Ah! brothers, look where the candle burns in Simeon’s hands; that is the light to light your tapers from, those lamps which the Lord would have you holding. Go to him and you will be lit up, not so much bearers of almps as lamps yourselves, shining within and without, lighting yourselves and your neighbours. May this lamp be in heart and hand and mouth: a lamp in your heart to light yourself, a lamp in your hands and on your lips to light your neighbours. The light in your heart is loving faith; the lamp in your hands is the example of good deeds; the lamp on your lips, helpful and strengthening words. We must not only shine in the sight of men by our deeds and words: we need to shine through prayer in the sight of the angles and before God in sincerity of heart. We light in the sight of the angels the lamp of pure devotion when we sing with diligence and pray with fervour. Our lamp that burns before God is our singleness of heart in pleasing him alone whose approval we have won.
So that you may light all these lamps for yourselves, my brothers, come to the source of light and be enlightened. Draw close to Jesus … (From the First Sermon for the Purification, in The Cistercian World, ed. and trans. P. Matarasso, pp. 133-135)
The liturgical church year is not a mechanical operation done merely out of ‘tradition’ or without thought. It is a means of spiritual growth for the community of faith, for that community is, in this time between Christ’s comings, bound in time and living in time with the rhythms of the solar year and the seasons and the history of Christ’s salvific activity at the time of His Incarnation and through His people in history.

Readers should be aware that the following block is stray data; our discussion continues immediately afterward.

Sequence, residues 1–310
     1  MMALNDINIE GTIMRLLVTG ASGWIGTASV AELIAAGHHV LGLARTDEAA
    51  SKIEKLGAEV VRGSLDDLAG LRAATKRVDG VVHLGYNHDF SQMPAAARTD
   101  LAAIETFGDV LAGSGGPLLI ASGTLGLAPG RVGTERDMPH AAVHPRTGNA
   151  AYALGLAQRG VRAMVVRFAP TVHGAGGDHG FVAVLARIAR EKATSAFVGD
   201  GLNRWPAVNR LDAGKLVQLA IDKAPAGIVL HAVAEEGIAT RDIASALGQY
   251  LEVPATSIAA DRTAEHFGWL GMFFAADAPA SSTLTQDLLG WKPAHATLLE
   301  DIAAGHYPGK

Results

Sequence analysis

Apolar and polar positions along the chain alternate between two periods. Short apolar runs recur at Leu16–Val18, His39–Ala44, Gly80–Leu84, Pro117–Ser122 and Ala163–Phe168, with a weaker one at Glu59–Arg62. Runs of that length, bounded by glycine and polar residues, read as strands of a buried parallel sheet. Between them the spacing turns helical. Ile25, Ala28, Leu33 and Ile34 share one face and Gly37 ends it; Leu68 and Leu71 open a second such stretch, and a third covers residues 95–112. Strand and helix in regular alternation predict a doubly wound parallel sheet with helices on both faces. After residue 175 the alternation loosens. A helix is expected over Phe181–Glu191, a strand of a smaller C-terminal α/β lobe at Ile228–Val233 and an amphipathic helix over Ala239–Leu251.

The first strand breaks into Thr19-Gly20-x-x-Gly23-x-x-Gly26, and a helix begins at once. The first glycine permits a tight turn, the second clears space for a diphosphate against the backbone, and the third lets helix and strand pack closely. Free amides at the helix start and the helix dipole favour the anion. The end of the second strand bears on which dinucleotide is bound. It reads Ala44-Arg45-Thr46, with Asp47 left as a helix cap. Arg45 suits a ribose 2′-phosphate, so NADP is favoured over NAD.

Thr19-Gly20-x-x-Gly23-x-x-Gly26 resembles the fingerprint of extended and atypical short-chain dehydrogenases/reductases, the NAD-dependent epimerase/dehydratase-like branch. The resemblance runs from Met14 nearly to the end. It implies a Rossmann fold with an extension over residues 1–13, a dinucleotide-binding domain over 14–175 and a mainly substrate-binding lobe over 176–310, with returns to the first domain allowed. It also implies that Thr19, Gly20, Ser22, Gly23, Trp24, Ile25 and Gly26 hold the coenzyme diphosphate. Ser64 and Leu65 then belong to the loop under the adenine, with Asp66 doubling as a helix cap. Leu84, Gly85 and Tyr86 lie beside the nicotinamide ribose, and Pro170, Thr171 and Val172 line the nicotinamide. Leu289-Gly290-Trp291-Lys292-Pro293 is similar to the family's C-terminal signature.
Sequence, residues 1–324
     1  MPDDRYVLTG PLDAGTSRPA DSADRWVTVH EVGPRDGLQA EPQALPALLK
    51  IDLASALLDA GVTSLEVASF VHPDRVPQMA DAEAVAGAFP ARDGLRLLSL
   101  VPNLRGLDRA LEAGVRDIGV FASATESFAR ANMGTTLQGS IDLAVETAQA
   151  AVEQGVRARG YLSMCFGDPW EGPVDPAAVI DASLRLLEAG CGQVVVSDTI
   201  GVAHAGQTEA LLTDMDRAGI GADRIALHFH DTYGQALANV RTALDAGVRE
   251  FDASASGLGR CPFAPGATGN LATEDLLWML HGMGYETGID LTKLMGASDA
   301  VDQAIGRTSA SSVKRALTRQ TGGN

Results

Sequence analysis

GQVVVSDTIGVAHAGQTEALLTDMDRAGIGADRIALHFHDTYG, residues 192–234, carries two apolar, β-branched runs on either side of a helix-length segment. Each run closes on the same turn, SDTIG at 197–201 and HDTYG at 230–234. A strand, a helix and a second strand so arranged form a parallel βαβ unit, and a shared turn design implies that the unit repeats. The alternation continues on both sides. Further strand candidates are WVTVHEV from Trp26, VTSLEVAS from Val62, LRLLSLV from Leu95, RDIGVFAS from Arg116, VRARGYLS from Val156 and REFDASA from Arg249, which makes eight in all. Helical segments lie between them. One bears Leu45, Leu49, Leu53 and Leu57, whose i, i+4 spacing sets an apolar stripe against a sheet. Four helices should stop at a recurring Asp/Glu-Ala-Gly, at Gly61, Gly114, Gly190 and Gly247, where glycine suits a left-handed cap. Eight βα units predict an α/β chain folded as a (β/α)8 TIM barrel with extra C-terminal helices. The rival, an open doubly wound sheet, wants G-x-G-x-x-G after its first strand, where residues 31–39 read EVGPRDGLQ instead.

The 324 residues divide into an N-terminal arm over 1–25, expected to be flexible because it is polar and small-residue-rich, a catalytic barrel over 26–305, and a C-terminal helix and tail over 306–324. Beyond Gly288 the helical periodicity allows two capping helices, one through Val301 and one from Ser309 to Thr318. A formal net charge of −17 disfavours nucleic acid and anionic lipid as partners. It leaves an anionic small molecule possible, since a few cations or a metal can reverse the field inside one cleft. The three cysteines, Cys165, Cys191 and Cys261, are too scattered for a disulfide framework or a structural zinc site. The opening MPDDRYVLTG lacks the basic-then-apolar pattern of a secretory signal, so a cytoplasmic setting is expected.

It is salutary, therefore, to meditate upon its purpose. Here’s Guerric of Igny for Advent 3:
We are waiting now for the anniversary day of Christ’s birth, which we shall shortly see, God willing. Scripture requires, it seems to me, that our spirit should be so lifted up and transported with joy that it longs to run towards the approaching Christ; and, projecting itself into the future, it chafes at delays as it strains to see what is yet to come. I think myself that the many passages in Scripture exhorting us to hasten towards him refer not only to the second coming but also to the first. How so? Because just as, at his second coming, we shall run towards him with physical energy and joy, so do we hasten to Bethlehem with jubilant heart and spirit. You know that at the resurrection, having put on new bodies, according to the Apostle’s teaching we shall be caught up in the clouds to meet Christ in the air, and so we shall be with the Lord for ever. (1 Thess. 4:16) But even here there is no lack of clouds that will carry our spirits (provided they are not sluggish and earthbound) to higher things, and then we shall be with the Lord for half an hour. Unless I am mistaken, you know from experience what I am talking about, for sometimes when the clouds have thundered, that is when the voices of the prophets and apostles have rung out in the Church, your minds have been swept aloft as though borne on clouds, and on occasion been carried so far beyond that they have been favoured with some glimpse of the glory of the Lord. Then, if I am right, the truth of that word dawned clear for you, the word which God rains down from the cloud he daily appoints to bear us aloft: ‘The sacrifice of praise do me honour: there is the path by which I will show him the salvation of God.’ (Pss. 103:3, 49:23) -P. M. Matarasso, The Cistercian World, pp. 130-31.